For about a month in 1948 Orrah and son Wes guided some rich folks from Florida by the name of Kelses down near the Border Mill while the houseboat was anchored in back of some islands. The Kelses came up every summer to a resort they owned on Rainy Lake and, according to Violet, they ate richly too, and all the men seemed to have died from heart attacks from the grandfather down to the grandson.
At the end of their guiding adventure they took the houseboat to the Falls River cabin where they had left Floyd, Frankie and Elnora. They then left six year old Tony with Elnora at the Fall River Cabin and towed the houseboat back over to a little harbor near their Kettle River place where Orrah and the boys decided to build a new steamboat by using an old boat frame for the pattern. It was a slow and tedious process as they never had any power tools and had to do everything by hand; it took the entire summer. The boat was 47 feet long, round bottomed with a fantail stern, and the ribs were steamed by hand and bent into the right shapes. Afterwards, they towed it back to the Falls River place where Elnora and Tony had the garden looking lovely, as they had kept it watered by hand. She had a 12 foot beam and though yet unfinished they named her the S.S. Clipper.
As summer waned, they went to the Border Mill to get supplies for the winter, and then Orrah and the boys would head to their trapping cabins and get everything ready for their fall and winter trapping. After the cabins were secure they took in the fall duck, goose and deer hunting seasons, spiced with some early trapping. The men were all gone and that left Violet with two girls and Tony, who Violet described as frail and small for his age. While the men were gone it was Elnora’s and Violet's duty to keep the houseboat and steam tug pumped out. They cut and carried in the wood for the stoves and Violet taught the girls how to cook the dog feed. They had to make piles the size of an eight inch pie on a four by eight sheet of metal outside so it would freeze into cakes. That way, when the boys would arrive at their trapping cabins, they could thaw one out for each dog.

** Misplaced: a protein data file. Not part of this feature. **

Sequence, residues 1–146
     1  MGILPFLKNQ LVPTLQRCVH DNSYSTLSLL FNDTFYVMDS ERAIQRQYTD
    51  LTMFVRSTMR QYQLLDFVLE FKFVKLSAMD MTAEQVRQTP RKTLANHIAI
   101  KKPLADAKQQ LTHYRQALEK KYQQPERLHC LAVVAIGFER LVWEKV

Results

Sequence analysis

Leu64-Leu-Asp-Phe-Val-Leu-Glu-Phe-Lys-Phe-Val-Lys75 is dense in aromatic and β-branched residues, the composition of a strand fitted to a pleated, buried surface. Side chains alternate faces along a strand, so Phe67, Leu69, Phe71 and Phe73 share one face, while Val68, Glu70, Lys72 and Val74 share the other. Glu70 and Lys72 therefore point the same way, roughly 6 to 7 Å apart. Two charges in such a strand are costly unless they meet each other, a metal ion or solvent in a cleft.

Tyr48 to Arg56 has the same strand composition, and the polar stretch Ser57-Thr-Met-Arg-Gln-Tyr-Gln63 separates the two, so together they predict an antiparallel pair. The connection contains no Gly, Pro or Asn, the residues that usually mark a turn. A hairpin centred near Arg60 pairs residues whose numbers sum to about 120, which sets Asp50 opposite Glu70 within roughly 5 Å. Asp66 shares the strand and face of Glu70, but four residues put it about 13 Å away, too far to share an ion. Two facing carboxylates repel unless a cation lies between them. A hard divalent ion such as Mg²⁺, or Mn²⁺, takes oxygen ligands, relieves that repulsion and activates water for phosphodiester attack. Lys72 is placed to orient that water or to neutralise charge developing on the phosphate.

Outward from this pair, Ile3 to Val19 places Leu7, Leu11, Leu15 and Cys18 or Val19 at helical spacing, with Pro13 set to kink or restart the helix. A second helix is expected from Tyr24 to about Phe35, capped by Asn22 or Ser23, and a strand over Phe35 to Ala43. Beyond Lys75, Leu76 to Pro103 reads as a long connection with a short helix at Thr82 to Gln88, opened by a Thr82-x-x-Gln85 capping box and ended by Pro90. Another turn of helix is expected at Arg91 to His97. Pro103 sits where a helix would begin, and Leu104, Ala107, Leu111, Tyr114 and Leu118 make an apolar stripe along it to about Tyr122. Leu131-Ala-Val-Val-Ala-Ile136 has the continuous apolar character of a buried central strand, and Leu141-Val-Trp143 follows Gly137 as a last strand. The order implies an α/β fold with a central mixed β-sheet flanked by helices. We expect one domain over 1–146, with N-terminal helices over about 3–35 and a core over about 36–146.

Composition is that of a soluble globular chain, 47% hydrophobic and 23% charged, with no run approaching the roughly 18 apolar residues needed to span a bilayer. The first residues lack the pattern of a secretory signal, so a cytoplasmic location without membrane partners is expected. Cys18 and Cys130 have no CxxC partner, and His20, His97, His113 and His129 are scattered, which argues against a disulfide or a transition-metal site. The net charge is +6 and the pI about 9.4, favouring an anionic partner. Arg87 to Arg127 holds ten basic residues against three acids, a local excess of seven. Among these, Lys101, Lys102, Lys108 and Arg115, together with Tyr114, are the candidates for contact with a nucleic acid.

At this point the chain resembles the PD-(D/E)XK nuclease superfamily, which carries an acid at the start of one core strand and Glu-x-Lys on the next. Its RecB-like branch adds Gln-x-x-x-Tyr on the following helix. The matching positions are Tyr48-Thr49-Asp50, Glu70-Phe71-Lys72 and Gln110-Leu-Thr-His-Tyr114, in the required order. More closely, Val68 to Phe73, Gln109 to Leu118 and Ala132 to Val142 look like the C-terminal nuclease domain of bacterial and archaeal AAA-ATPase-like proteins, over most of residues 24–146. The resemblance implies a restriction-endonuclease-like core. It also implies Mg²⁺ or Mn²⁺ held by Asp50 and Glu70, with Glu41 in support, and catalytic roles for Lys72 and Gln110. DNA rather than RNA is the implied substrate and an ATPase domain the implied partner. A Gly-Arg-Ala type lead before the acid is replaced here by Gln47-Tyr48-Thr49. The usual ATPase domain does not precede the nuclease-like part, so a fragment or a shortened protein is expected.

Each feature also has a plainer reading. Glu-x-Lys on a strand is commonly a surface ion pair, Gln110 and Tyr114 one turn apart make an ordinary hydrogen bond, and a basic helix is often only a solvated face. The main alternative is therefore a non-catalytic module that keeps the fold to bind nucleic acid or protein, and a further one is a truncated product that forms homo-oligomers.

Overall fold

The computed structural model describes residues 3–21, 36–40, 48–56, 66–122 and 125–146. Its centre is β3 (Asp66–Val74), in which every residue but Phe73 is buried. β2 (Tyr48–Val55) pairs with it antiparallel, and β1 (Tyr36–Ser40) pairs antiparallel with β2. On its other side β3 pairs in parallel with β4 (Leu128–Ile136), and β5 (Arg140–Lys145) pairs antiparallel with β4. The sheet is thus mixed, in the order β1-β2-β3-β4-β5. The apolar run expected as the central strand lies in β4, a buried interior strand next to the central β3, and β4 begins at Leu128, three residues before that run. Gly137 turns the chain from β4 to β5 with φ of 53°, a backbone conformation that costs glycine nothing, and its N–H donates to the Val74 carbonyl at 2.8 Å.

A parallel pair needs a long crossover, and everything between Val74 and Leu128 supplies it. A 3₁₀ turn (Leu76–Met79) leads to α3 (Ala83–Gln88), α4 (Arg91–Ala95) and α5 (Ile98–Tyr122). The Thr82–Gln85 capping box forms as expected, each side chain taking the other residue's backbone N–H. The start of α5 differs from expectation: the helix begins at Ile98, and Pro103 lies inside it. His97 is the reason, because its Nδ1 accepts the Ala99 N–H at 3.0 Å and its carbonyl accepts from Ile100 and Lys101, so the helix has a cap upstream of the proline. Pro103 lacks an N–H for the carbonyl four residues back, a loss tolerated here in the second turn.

Violet testified that she and the girls liked being alone at their main home because they could get a lot done. They helped her wash and cut up vegetables from the garden for processing, she put up a lot of preserves, and jars and jars of pickles and relish. She also made a lot of mincemeat and she bragged it was with real meat too. When the boys would come home they would have pumpkin and mincemeat pie waiting for them and they would eat until they were stuffed.
Violet sewed the girl’s dresses and made them coats for when they went to town, however their trips were proverbially few and far between. They got to town once a year for about a week, both Violet and the girls were not very happy about it, and there were times when they never even got to go. Violet wanted the girls to get out and associate with other people and she longed for all her children to go to a formal school. Elnora was a young teenager and beginning to feel left out of a lot of things. She badly wanted to go to school; she wanted to be a registered nurse, a clerk typist or a journalist. She dreamed of being any one of those three. Violet knew that the boys felt the same way and that they felt they were being deprived of something they should have.
One particular morning when the men were gone, a foot of heavy wet snow fell during the night. Violet told Elnora that they would have to shovel the snow off the steam tug after they had breakfast. She had not sooner had said that when the entire stern of the steam tug went under water. Violet thought a gust of wind had pushed the houseboat forward ramming the steam tug. They didn’t know what to do; they were helpless, they prayed. That afternoon Orrah and the boys either walked in or arrived by canoe, and came to the rescue.
Next up the steam tug gets pulled, pumped, and bailed, and the S.S. Clipper gets a boiler.
About the Author: Mike Hanson is a long time resident of Birchdale, Minnesota. He enjoys spending his time in the great outdoors, building birdhouses, and has a deep interest in uncovering and understanding settlement history. His writings come from hours of research, as well as engaging discussions with locals and area historians, both professional and amateur.